Hobbyists No Longer Have To Register Their Drones As Court Ruling Blocks FAA Requirement
Hobbyists will no longer have to register their drones after a federal appeals court repealed the requirement of the Federal Aviation Administration.
Appeals court judges in Washington D.C. agreed on May 19 with a legal challenge against the drone registration program of the FAA, started near the end of 2015.
FAA Drone Registration Program
In December 2015, the FAA started requiring consumers to purchase their drones with the Unammed Aircraft System registry before they can fly them outdoors.
The FAA charged a $5 registration fee for each drone, though the fee was free for drones registered until Jan. 20, 2016. The registration process was actually quite easy, and the $5 fee was insignificant compared to the up to $27,500 in fines and up to $250,000 and three years in prison for criminal violations.
The drone registration program drew massive numbers, with over 45,000 registrations in its first two days that actually caused the website to crash. While this showed that drone hobbyists were willing to comply with the requirement, a legal challenge was filed against the FAA.
The case, filed in January 2016 by insurance attorney and drone hobbyist John A. Taylor, alleged that the FAA violated section 336 of its own FAA Modernization and Reform Act of 2012. The section stated that it does not have the power to enforce rules and regulations on model aircraft.
Federal Appeals Court Blocks Drone Registration Program
Over a year later, the U.S. Circuit Court of Appeals for the District of Columbia agreed with the allegation and ruled that the FAA would not be able to regulate drones, which are seen also as model aircraft.
The ruling could not yet be enforced, as the court gave the FAA seven days to respond to it. It can seek reconsideration for the ruling, appeal the ruling to the Supreme Court, request for legislation granting it authority to regulating drones from Congress, or simply abide by it.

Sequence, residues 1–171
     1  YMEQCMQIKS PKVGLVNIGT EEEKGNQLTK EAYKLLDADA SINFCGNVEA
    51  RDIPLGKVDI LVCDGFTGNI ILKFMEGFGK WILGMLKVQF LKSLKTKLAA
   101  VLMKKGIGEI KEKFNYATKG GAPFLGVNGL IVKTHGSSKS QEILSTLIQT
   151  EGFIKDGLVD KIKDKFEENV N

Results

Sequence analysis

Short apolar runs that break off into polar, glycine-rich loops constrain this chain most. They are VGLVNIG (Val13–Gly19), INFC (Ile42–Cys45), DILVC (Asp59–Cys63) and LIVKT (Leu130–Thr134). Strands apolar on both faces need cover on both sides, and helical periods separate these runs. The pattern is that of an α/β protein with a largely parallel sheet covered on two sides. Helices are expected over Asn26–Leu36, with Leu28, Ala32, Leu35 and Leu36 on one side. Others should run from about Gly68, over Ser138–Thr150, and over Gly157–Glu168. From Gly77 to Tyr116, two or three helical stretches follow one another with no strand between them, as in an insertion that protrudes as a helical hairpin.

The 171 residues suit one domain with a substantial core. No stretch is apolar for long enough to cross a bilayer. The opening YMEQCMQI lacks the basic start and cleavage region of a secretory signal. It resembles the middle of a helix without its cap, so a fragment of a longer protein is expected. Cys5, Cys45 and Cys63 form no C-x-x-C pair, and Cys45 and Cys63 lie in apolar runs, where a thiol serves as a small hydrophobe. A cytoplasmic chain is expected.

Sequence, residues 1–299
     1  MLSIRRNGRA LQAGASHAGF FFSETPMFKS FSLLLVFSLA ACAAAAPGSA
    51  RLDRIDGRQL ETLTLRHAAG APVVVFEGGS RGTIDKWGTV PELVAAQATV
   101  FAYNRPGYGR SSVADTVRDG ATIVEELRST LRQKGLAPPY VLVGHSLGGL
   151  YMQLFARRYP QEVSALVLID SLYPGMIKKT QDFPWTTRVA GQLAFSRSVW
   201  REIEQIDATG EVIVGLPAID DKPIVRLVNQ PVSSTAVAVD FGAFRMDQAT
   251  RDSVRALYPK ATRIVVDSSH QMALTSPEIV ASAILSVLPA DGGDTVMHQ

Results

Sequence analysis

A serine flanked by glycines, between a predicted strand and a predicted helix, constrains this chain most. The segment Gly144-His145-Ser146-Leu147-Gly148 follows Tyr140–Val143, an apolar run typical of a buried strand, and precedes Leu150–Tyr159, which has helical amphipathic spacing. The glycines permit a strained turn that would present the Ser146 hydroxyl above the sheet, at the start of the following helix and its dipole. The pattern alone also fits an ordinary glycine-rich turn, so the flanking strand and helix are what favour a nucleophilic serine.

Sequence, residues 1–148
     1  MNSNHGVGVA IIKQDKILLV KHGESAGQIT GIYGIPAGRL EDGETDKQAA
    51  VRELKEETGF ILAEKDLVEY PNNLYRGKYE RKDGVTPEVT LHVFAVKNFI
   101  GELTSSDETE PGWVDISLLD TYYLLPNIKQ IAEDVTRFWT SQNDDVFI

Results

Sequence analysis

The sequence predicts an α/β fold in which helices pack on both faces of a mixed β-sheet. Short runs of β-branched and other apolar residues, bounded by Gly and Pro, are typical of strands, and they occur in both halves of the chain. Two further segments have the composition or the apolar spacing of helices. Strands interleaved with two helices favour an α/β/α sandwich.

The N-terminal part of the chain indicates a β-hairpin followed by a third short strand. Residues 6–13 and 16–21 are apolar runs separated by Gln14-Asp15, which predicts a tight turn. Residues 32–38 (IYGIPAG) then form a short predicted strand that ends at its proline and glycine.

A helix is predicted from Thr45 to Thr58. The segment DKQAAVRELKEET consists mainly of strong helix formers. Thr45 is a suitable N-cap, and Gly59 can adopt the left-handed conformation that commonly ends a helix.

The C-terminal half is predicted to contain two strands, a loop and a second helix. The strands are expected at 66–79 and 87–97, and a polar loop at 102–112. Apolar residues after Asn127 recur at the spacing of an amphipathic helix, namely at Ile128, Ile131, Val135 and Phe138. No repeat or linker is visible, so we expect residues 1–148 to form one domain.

The 2012 law is set to expire at the end of the year, so it is time for Congress to revisit it and determine if the FAA will have oversight on drones.
Reactions To Court Ruling
There have been mixed reactions to the court ruling, further widening the divide between those who believe that drones should be registered and those that do not.
Some believe that drone registration is needed so that pilots are accountable for any damage caused or laws broken by their drones. One of the groups that disagreed with the ruling is the Association for Unmanned Vehicle Systems International, which said that it plans to work with Congress for legislation that will again enforce the drone registration program.
Taylor, however, said that the program is just overzealous registration, as hobby drones could not be considered as serious threats. Academy of Model Aeronautics president Rich Hanson added that community-based programs would work better than a federal program in managing drones.
The FAA expects the number of active drones in the United States to balloon from 1.1 million currently to 3.55 million by 2021. Citizens will be more comfortable with the drones flying overhead if there is some sort of control over them, though whether the regulation will be enforced by the FAA or not remains to be seen.